European elections

Upcoming elections on the continent could result in a “reverse domino” pattern that favors the electoral center over extremist politics.
The cumulative outcome of this year’s European elections will probably favor the electoral center, not fringe populists.
Since an overdue focus on the Syrian refugee crisis in global headlines, nations across Europe have experienced a steep rise in the popularity of far-right political parties. With many of the foundational ideals of such parties pointing inwards to directly and solely support especially native born citizens, it is clear that such politicians are rising in favor built off the rallying hate of innocent refugees.
France dodged the bullet in Sunday's second round of regional elections, but the threat from the extreme right remains a dark cloud over election post-mortems. Mainstream French politicians expressed relief this week that they had turned back a bid by Marine Le Pen's right-wing National Front that threatened to win control of six of France's 13 regions.
As long as the Samaras-led government continues to act pompously and unsympathetically toward its citizens, Greece will have its head shackled to the guillotine. Until, and if, the axe drops, that is!
Confidence can be very nice, but when you go to see a brain surgeon, you care an awful lot more about skill. If Ed Miliband has the skills to run a country, he certainly hasn't shown it.
That laid the foundations for the third revolution which began at the end of the 19th and beginning of the 20th century -- the
The French Socialists' failure in last Sunday's European parliament elections goes deeper in history. Their perennial weakness as a party has characterized French politics for a long time.
1. An anti-coup protester cries as she asks a Thai soldier to leave during a demonstration in Bangkok, May 25, 2014. (AP
Let's hope fear will transform not only in hope - as Renzi said in closing the electoral campaign - rather in actual change. That would really be historical.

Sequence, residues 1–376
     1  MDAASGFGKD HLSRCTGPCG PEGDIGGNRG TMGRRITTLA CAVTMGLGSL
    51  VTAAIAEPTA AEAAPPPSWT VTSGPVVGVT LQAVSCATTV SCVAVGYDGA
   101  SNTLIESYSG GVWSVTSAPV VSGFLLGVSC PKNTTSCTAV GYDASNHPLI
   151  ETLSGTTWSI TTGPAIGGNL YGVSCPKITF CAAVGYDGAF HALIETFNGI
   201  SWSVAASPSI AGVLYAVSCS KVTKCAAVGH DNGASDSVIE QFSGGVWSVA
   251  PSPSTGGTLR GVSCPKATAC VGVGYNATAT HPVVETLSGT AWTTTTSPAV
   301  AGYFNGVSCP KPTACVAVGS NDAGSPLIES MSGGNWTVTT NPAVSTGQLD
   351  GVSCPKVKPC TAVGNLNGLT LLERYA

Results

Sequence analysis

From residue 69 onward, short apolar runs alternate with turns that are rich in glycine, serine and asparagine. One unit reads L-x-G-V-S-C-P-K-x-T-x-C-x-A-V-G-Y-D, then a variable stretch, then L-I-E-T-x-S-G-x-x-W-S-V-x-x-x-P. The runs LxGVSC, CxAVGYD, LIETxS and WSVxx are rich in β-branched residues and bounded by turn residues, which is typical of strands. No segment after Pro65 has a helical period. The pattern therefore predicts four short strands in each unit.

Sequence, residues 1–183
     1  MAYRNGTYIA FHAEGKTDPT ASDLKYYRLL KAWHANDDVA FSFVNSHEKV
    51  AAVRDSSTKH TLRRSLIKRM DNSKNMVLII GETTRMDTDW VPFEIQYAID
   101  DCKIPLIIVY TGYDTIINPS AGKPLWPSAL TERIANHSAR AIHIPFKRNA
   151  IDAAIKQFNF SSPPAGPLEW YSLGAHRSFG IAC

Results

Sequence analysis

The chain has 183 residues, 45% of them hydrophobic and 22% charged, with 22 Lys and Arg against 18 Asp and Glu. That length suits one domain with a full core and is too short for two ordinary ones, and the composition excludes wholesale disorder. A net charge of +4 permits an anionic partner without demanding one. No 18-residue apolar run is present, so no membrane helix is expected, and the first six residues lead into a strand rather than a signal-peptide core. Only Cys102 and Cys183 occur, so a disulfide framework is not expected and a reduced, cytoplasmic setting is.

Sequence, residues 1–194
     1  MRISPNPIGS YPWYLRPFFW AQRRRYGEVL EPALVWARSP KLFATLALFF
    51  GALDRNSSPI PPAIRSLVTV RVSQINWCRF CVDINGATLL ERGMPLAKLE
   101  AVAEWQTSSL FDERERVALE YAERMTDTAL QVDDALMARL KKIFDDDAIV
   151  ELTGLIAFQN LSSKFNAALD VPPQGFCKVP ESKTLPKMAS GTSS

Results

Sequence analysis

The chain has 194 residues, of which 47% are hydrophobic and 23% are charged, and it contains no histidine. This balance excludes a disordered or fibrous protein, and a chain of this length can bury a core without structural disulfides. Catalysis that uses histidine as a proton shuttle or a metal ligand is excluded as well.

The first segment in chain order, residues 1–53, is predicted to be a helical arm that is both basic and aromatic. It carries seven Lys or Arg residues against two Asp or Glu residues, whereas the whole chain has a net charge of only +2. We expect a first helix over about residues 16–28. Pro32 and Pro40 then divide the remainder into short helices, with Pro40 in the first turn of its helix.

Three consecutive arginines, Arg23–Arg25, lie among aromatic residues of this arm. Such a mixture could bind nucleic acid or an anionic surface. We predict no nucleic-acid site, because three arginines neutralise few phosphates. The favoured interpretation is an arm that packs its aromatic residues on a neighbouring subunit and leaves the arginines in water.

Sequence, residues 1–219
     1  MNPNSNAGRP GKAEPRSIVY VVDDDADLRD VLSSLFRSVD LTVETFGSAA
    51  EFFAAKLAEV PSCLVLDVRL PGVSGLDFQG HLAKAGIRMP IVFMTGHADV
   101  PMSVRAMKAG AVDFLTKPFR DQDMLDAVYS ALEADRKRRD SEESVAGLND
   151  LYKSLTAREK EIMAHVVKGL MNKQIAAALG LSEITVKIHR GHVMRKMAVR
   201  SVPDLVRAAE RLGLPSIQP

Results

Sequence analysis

France is in danger. In Sunday's elections for the European Parliament, a quarter of France's citizens voted for the worst, choosing the party that was not only anti-Europe but also anti-France.
On Sunday, May 25, the National Front, surprised the world by coming in first place in European parliament elections with 25 percent of the vote. Despite what you might read in the underbelly of the Internet, it is not a sign that France is turning "fascist" for several reasons.
Having such a powerful 50-million-people political and economic partner should be a source of admiration rather than denigration by the American people.
It strikes me that young voters rarely cast their vote while the 60-69 year olds turn out to vote regularly. In addition
GERMANY Cherno Jobatey - Editorial Director, HuffPost Germany And the press obsession with Ukip is about Ukip, not the European
"We are up against the clear failure of Europe's immigration policy," he wrote. "Schengen I must be suspended and replaced
Amidst veritable media frenzy, we hear the populists and their critiques loud and clear. It is time that someone stand up for the European project. So let us make the argument loudly: a strong, increasingly federal Europe is the best path to freedom, prosperity, and influence in the world. Interconnectedness is a reality, not a choice. In our era of globalization, national regulation is far less effective than continental regulation, which protects consumers from monopolies and unfair practices. From energy to roaming charges, the EU can regulate imperfect matters more effectively than national bodies ever could. In financial markets, the EU has been at the forefront of better regulation to prevent another crisis: from limits on bonuses to the European Central Bank's banking union, we are building a more resilient banking system to protect both depositors and taxpayers alike. Meanwhile the European single market is the key achievement of the Union that has improved standards of living for citizens in every single member state. Today, it provides a strong incentive for countries in the Union to support each other, a truth born out during the financial crisis.
If UKIP really is a "libertarian" party (and the jury is very much still out), and wishes to benefit from the inherent popularity of liberty, then it must prove it.